Secondary losses are like the aftershocks of an earthquake, and they remind us that healing and adaptation take time.

Disenfranchised Grief

Disenfranchised grief is when grieving someone’s death is invalidated or not well understood. This would include the death of a distant loved one, someone you’ve had a difficult history with, or a dynamic that is socially frowned upon for whatever reason. For example, if someone’s spouse dies, the person they had a secret relationship would likely not receive much sympathy from the deceased’s family, or even be invited to the memorialization, especially if they were not aware of the dynamic or if it caused pain for the family. This person still may have lost the most important person in their life, though feel ashamed to process the loss due to feelings of guilt or feeling like it’s not their place.

Not being able to express and ventilate one’s feelings around such a loss can lead to feelings of isolation, shame, depression and low self-esteem. Even if it feels “silly," I bet your therapist will feel differently. As Ms. Hill taught us, everything is everything, and this unturned stone could have valuable insights hidden underneath. Experiencing a new loss can re-open old losses from the past, leading to either beautiful corrective healing emotional experiences OR what is known as cumulative grief or bereavement overload. The latter is when you haven’t had sufficient time, energy or resource to process each loss, leading to overwhelm and feeling disconnected from hope and confidence that healing is possible. This unbearable feeling has become unfortunately common due to health crises, being in later stages of life and not allowing yourself to slow down enough to feel and heal the valid heartbreak that often comes with loss.

Collective Grief

Collective grief is when a group or culture grieve a particular loss together or multiples lives lost. Unlike individual grief, which is a personal response to a specific loss, collective grief is a shared experience that transcends individual boundaries and affects communities, societies, or even entire nations. Examples of collective grief include: natural disasters, acts of terrorism or violence, pandemics, and cultural or historical trauma.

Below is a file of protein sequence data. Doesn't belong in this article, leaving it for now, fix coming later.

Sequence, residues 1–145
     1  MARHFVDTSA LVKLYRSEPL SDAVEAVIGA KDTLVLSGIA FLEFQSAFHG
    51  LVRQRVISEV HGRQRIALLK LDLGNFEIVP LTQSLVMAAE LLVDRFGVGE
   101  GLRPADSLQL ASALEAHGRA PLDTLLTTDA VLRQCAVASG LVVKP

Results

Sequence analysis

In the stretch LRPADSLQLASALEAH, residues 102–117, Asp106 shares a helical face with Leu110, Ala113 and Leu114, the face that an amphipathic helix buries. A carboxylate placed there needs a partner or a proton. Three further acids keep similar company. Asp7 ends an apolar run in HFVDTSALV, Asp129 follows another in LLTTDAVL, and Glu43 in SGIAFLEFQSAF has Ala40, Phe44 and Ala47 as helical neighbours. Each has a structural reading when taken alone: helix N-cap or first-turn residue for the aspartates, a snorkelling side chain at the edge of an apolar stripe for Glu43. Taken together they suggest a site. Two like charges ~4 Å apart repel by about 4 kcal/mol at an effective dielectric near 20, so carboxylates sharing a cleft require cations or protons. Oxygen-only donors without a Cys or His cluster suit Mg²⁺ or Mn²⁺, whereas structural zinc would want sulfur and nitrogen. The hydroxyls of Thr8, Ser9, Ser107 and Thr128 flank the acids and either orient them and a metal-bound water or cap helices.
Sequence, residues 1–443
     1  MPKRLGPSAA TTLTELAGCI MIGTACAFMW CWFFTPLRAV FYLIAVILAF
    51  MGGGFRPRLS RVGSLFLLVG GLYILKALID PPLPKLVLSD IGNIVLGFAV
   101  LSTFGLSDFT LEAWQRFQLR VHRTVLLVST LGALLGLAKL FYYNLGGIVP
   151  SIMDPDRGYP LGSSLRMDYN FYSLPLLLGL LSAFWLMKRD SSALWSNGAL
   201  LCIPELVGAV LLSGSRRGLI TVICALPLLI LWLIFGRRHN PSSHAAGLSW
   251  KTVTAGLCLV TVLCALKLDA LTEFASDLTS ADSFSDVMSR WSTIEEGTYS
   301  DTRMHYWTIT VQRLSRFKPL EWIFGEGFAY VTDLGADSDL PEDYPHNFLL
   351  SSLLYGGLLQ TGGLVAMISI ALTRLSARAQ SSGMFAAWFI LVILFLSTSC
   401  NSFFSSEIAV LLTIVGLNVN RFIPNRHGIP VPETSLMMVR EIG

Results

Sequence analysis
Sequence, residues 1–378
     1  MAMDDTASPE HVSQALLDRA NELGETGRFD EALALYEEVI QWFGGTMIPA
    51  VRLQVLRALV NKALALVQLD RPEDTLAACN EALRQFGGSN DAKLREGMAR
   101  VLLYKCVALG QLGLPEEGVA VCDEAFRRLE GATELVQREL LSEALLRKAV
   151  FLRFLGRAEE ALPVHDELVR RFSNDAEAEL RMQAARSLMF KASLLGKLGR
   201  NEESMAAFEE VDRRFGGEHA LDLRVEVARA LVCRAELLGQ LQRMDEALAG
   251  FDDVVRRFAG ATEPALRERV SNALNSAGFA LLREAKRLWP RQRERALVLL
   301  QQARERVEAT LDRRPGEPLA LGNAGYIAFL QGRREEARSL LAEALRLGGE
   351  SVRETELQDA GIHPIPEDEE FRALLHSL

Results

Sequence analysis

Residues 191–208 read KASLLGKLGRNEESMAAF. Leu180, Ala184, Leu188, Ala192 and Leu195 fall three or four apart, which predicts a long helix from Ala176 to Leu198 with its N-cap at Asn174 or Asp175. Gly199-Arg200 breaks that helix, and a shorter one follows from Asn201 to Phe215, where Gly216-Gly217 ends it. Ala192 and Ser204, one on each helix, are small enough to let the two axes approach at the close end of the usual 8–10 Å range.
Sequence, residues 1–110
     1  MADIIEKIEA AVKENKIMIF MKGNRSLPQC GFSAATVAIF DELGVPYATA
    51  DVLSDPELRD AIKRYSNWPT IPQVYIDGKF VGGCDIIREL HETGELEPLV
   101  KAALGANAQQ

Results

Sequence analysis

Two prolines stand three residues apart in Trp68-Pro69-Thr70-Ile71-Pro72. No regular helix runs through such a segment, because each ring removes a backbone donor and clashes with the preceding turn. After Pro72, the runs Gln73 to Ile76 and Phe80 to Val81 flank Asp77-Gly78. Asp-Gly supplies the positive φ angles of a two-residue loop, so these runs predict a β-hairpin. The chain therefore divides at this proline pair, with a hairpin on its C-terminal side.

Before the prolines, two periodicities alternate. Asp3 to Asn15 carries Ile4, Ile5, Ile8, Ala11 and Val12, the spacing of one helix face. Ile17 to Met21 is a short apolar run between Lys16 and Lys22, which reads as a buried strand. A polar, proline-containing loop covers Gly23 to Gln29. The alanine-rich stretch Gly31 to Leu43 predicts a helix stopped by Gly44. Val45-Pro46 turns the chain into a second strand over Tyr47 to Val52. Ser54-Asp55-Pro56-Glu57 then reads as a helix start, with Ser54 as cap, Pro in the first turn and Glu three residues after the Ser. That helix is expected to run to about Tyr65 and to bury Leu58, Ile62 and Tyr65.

Inhibited Grief

Inhibited grief or masked grief is when we are intentionally or unintentionally avoiding processing the loss or distracting from it, trying to minimize its impact on our life. Snoozing or trying to avoid the necessary steps of grieving will likely keep you stuck in this phase for a longer period of time, sometimes, causing you to forget where this sad heaviness came from in the first place. The good news is that it’s never too late to work these feelings out. If you feel judged or invalidated by a therapist while disclosing your loss, you may want to share that with them, or find a therapist who might be a better match for you.

Grief therapy is a compassionate and effective way to navigate the complex emotions and challenges that accompany loss. It offers individuals a safe space to express their grief, understand their unique journey, and find ways to heal and honor the memory of what has been lost. If you or someone you know is struggling with grief, consider reaching out to a qualified grief therapist to embark on a journey toward healing and hope. Remember, you don't have to navigate the path of grief alone.

Suggested reads: 4 Little Known Ripple Effects of Grief and Loss

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About the author

Megan 'Cali' Caligiuri is the Senior Growth Marketing Manager at MyWellBeing. As a seasoned marketing and creative leader with a passion for mental health, Cali is committed to reducing the stigma of therapy, easing the stress of connecting with the right practitioner, and empowering every individual to develop a more loving, healthy relationship with themselves and those around them.